"To remain within the sphere of literature, we need only remind ourselves of what Paul Lafargue has to say about Marx's evaluation of Balzac: 'Balzac was not just the chronicler of his own society, he was also the creator of prophetic figures who were still embryonic under Louis Philippe and who only emerged fully grown after his death, under Napoleon III.' But is this Marxian view still valid in the present? Of course it is. Such 'prophetic figures,' however, are to be found exclusively in the works of the important realists.
There is nothing mysterious or paradoxical about any of this -- it is the very essence of all authentic realism of any importance. Since such realism must be concerned with the creation of types (this has always been the case, from Don Quixote down to Oblomov and the realists of our own time), the realist must seek out the lasting features in people, in their relations with each other and in the situations in which they have to act; he must focus on those elements which endure over long periods and which constitute the objective human tendencies of society and indeed of mankind as a whole.
Such writers form the authentic ideological avant-garde since they depict the vital, but not immediately obvious forces at work in objective reality. They do so with such profundity and truth that the products of their imagination receive confirmation from subsequent events -- not merely in the simple sense in which a successful photograph mirrors the original, but because they express the wealth and diversity of reality, reflecting forces as yet submerged beneath the surface, which only blossom forth visibly to all at a later stage. Great realism, therefore, does not portray an immediately obvious aspect of reality but one which is permanent and objectively more significant, namely man in the whole range of his relations to the real world, above all those which outlast mere fashion. Over and above that, it captures tendencies of development that only exist incipiently and so have not yet had the opportunity to unfold their entire human and social potential. To discern and give shape to such underground trends is the great historical mission of the true literary avant-garde.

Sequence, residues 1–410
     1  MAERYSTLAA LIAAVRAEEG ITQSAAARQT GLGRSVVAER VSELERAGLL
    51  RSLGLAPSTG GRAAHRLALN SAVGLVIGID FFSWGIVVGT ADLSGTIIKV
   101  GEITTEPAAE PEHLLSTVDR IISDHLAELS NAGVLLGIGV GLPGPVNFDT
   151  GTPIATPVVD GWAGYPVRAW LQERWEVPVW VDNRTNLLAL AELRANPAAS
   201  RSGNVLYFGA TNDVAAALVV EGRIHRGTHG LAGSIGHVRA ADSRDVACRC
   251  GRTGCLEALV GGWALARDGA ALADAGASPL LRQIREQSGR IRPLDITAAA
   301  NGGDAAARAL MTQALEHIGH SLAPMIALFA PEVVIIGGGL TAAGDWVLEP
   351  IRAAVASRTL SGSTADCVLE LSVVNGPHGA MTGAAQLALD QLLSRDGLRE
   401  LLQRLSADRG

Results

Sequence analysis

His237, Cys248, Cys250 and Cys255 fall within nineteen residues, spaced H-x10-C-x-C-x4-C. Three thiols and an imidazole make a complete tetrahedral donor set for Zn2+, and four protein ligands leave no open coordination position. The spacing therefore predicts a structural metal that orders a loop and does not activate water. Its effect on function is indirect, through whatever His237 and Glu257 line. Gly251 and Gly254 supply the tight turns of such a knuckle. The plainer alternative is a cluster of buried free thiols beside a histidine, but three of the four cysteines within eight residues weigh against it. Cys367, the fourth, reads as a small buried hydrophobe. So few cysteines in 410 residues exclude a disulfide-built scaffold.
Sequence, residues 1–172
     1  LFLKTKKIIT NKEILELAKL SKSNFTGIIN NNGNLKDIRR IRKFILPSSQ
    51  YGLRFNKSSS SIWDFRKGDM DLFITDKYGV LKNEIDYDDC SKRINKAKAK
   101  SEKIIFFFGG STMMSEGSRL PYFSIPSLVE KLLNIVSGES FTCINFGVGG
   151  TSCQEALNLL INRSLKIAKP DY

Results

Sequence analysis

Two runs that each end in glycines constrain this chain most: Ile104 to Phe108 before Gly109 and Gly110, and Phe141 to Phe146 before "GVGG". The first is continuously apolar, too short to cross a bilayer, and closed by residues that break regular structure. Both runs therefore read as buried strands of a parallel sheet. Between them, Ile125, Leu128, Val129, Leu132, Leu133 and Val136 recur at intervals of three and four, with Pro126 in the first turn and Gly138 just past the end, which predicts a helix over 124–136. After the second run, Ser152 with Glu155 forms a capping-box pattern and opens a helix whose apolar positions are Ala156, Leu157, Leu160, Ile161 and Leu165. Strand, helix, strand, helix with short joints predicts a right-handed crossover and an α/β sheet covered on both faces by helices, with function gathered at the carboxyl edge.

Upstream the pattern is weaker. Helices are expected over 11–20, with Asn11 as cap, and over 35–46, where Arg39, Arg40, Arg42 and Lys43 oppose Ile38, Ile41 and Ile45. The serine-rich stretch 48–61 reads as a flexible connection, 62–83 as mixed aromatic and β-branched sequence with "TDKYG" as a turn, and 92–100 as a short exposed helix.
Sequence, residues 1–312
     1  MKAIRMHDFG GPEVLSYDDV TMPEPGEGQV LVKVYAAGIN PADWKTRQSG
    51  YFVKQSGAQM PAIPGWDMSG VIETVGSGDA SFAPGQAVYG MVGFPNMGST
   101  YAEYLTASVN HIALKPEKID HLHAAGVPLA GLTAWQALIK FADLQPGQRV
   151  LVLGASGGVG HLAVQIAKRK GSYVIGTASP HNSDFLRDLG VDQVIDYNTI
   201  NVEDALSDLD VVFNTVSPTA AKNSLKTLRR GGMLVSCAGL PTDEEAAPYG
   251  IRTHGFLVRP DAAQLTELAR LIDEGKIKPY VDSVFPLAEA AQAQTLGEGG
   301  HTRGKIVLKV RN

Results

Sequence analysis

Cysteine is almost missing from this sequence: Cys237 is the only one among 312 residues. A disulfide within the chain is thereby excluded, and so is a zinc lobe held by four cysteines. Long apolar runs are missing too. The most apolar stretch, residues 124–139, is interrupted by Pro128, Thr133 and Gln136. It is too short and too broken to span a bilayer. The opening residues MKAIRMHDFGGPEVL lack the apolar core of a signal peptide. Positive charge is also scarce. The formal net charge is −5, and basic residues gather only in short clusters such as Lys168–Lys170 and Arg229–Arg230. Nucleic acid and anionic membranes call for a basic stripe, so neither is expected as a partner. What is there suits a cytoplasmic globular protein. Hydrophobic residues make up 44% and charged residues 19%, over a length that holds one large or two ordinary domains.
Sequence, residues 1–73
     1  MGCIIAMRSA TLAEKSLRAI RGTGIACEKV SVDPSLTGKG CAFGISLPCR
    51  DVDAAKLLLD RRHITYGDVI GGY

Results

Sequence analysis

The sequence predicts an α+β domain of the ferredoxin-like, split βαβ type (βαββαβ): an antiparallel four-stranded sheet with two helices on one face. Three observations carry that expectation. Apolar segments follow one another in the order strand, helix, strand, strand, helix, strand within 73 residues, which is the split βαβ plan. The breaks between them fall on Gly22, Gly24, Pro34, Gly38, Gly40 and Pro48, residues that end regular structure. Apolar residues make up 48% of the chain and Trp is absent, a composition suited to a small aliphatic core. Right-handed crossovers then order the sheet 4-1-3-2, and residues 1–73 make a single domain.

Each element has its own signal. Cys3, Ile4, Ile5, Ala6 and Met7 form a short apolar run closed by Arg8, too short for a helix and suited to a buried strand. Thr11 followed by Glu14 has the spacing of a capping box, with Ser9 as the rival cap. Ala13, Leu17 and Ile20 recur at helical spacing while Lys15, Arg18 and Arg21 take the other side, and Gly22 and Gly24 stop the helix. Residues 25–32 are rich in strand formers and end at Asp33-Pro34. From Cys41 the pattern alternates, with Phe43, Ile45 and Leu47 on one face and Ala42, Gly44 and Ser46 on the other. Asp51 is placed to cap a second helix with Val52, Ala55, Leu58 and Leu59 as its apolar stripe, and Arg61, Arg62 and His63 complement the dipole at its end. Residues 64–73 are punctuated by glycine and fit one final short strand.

So what really matters is not the subjective belief, however sincere, that one belongs to the avant-garde and is eager to march in the forefront of literary developments. Nor is it essential to have been the first to discover some technical innovation, however dazzling. What counts is the social and human content of the avant-garde, the breadth, the profundity and the truth of the ideas that have been 'prophetically' anticipated.
In short, what is at issue here is not whether or not we deny the possibility of anticipatory movements in the superstructure. The vital questions are what was anticipated, in what manner and by whom?"
see also a discussion of (speculative) realism in philosophy here.